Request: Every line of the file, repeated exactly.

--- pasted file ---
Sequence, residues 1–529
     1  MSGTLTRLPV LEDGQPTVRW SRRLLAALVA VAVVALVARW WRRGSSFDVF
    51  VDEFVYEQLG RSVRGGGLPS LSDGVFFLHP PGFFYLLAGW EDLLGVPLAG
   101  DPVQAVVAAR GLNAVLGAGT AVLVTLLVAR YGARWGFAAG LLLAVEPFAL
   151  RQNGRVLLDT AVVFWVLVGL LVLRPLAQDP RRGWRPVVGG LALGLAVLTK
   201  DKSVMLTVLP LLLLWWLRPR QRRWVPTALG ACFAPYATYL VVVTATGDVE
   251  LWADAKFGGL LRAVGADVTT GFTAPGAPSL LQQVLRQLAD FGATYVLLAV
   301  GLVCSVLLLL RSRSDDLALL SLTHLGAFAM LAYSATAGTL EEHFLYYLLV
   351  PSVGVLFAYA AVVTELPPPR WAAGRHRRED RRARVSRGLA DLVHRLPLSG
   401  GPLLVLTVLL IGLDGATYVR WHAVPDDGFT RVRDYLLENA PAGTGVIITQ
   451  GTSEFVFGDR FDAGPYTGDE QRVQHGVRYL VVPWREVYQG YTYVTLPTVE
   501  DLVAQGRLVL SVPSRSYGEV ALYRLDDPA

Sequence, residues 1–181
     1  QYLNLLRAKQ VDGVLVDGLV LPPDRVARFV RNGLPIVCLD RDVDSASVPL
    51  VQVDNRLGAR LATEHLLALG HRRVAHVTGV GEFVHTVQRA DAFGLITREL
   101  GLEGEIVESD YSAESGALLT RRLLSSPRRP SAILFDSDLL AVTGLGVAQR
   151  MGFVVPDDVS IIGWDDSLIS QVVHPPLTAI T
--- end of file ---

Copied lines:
Sequence, residues 1–529
     1  MSGTLTRLPV LEDGQPTVRW SRRLLAALVA VAVVALVARW WRRGSSFDVF
    51  VDEFVYEQLG RSVRGGGLPS LSDGVFFLHP PGFFYLLAGW EDLLGVPLAG
   101  DPVQAVVAAR GLNAVLGAGT AVLVTLLVAR YGARWGFAAG LLLAVEPFAL
   151  RQNGRVLLDT AVVFWVLVGL LVLRPLAQDP RRGWRPVVGG LALGLAVLTK
   201  DKSVMLTVLP LLLLWWLRPR QRRWVPTALG ACFAPYATYL VVVTATGDVE
   251  LWADAKFGGL LRAVGADVTT GFTAPGAPSL LQQVLRQLAD FGATYVLLAV
   301  GLVCSVLLLL RSRSDDLALL SLTHLGAFAM LAYSATAGTL EEHFLYYLLV
   351  PSVGVLFAYA AVVTELPPPR WAAGRHRRED RRARVSRGLA DLVHRLPLSG
   401  GPLLVLTVLL IGLDGATYVR WHAVPDDGFT RVRDYLLENA PAGTGVIITQ
   451  GTSEFVFGDR FDAGPYTGDE QRVQHGVRYL VVPWREVYQG YTYVTLPTVE
   501  DLVAQGRLVL SVPSRSYGEV ALYRLDDPA

Sequence, residues 1–181
     1  QYLNLLRAKQ VDGVLVDGLV LPPDRVARFV RNGLPIVCLD RDVDSASVPL
    51  VQVDNRLGAR LATEHLLALG HRRVAHVTGV GEFVHTVQRA DAFGLITREL
   101  GLEGEIVESD YSAESGALLT RRLLSSPRRP SAILFDSDLL AVTGLGVAQR
   151  MGFVVPDDVS IIGWDDSLIS QVVHPPLTAI T